E-cigarettes come in a variety of forms.
Image Courtesy of Partnership for Drug-Free Kids
“You also want you to give your child a way to get out of a risky social situation without feeling embarrassed.” —Joyce McCarry, M.A.
Jessica DeBoer’s 13-year-old son just returned to school after a six-day suspension because he was caught vaping in the boys bathroom of his elite private school. Until she received a call from one of the school’s administrators, DeBoer was not familiar with the practice and never dreamed her son would partake in it.
“Now I feel like I might have been naive considering how widespread it seems to be,” she said. “My son told me that many of the kids in his school have tried vaping and some even do it regularly.”
Vaping is the use of e-cigarettes to inhale and exhale an aerosol, often referred to as vapor, which is produced by an e-cigarette or similar device. The term is used because e-cigarettes produce an aerosol that consists of fine particles, many of which contain varying amounts of toxic chemicals.
For parents like Deboer, keeping the line of communication open is a key weapon in keeping kids away from e-cigarettes, says therapist Lisa Baguio, LCSW. “Before talking with your teen about vaping, or any sensitive issue for that matter, educate yourself and make sure you know what you’re talking about,” she said. “Kids know more than we give them credit for. Be prepared with unrefutable facts and scientific evidence because you can guarantee yourself that your kids will have their own set of facts, which are often false.”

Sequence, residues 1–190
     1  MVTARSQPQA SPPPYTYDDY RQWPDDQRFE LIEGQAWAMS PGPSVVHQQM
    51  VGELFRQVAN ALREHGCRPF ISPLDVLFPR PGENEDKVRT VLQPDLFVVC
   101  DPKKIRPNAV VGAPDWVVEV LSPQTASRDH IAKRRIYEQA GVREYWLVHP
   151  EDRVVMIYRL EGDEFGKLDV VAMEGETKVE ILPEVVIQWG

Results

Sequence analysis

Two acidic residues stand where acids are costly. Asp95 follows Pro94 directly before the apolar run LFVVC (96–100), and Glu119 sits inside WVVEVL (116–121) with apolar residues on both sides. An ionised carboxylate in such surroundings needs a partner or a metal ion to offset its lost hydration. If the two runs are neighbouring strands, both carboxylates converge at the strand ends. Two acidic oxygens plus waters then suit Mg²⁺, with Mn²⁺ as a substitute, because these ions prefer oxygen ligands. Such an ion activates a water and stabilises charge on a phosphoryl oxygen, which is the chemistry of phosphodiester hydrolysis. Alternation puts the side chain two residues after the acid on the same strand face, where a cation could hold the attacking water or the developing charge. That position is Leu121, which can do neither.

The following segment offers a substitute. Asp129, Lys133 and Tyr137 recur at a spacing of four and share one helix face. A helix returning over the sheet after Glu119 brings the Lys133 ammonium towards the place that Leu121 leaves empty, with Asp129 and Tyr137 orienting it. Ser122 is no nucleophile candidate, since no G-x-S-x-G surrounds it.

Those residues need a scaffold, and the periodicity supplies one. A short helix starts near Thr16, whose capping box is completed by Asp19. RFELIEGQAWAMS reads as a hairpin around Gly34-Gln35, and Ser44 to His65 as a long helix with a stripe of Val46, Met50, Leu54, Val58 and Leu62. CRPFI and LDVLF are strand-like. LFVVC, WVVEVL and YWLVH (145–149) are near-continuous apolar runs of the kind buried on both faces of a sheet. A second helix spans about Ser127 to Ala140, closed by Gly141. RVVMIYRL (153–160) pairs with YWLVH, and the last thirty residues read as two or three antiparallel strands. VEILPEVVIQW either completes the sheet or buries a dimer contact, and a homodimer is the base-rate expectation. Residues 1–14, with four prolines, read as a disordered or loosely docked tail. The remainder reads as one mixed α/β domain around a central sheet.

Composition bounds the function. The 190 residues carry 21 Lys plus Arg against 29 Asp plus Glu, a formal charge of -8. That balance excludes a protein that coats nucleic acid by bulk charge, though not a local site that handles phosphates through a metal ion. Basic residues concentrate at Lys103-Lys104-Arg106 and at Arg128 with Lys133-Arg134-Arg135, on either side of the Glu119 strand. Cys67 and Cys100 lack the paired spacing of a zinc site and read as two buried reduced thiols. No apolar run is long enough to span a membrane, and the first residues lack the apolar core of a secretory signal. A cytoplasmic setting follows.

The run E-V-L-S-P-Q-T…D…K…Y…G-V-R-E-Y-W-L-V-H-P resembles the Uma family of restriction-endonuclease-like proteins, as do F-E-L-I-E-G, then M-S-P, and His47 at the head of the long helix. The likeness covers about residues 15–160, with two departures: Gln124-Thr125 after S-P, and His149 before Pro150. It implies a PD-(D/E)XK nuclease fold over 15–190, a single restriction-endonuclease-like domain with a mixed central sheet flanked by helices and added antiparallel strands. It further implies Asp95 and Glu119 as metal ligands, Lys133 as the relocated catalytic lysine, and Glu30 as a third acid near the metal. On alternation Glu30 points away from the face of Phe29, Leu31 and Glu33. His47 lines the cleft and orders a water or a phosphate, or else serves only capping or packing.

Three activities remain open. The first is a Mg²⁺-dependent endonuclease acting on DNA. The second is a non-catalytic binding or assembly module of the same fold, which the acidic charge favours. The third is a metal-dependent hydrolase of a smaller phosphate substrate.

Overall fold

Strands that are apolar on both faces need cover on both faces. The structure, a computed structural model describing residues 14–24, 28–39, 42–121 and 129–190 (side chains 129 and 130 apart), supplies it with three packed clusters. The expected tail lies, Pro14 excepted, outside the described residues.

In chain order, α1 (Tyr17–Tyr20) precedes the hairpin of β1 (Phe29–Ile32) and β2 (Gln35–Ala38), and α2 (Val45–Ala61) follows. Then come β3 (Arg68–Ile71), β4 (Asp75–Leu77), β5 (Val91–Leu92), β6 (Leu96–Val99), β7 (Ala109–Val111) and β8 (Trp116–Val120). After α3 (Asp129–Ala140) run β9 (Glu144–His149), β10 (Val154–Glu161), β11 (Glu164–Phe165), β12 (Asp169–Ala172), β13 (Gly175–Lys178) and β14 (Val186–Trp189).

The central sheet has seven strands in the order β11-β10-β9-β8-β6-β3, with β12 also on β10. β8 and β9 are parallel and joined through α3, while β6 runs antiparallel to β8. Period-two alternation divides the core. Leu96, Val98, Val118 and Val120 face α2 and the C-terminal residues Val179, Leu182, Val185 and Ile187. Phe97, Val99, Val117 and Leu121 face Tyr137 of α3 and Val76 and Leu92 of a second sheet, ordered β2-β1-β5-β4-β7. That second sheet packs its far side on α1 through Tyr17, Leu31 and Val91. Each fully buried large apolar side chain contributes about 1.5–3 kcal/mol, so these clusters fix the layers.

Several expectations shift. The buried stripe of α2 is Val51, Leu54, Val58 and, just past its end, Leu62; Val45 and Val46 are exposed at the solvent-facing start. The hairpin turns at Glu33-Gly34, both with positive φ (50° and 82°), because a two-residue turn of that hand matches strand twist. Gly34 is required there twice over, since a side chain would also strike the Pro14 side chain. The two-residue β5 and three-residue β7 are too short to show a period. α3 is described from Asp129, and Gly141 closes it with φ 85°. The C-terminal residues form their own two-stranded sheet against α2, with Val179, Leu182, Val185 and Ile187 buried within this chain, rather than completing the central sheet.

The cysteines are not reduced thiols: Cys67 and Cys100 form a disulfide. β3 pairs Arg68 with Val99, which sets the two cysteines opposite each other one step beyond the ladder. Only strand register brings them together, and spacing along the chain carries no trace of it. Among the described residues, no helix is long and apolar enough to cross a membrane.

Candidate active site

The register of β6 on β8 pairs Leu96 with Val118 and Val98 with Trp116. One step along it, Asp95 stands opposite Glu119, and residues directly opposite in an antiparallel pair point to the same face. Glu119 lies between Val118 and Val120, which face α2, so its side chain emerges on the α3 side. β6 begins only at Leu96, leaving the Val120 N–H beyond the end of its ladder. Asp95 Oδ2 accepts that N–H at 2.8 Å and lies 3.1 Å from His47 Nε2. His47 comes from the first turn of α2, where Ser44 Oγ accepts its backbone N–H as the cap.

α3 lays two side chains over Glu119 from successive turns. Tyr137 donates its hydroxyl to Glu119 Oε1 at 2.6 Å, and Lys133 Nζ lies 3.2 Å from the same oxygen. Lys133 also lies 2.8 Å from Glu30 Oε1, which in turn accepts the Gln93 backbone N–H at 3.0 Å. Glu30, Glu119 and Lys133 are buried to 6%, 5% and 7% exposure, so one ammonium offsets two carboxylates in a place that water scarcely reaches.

Once you have those facts, be prepared to share them during a conversation with your teen. “It’s important that parents are open and honest with their children,” said child psychologist Laurie Jones, Psy.D. “You first have to tell them your expectations. For example, ‘In our family, we have zero tolerance for e-cigarette or tobacco use of any kind.’ You then should explain the dangers and risks involved and make sure that your teen knows that this is not your just opinion, but proven hazards.”
A teen might be less likely to engage in vaping if they can connect it to negative consequences that affect them personally, advised marriage and family counselor Joyce McCarry, M.A. ”One thing that teens value is their image among their peer group,” she said. “If vaping a substance causes bad breath, that will deter a teen from using it. If getting caught vaping means that they are kicked off a sports team, that will be a deterrent.”
A parent’s best tactic is creating an environment where one’s teen feels comfortable sharing information about vaping and working with them collaboratively to find ways to avoid it, says McCarry. “You want your child to let you know if they’re vaping or have friends who are doing it,” she said. “You can also let them know that if they’re ever in a situation where they’re being offered an e-cigarette, real cigarettes or drugs or anything dangerous, that they can call you and you will pick them up immediately with no questions asked.”
“You also want you to give your child a way to get out of a risky social situation without feeling embarrassed,” continued McCarry. “I have a patient whose parents tell him to text them a numerical code whenever he’s in a precarious situation with friends. The parents know to call his cell phone and tell him that there’s a family emergency and he needs to come home right away. This gives the child an excuse to leave without feeling embarrassed or like he’ll be ridiculed for not engaging in risky behavior.”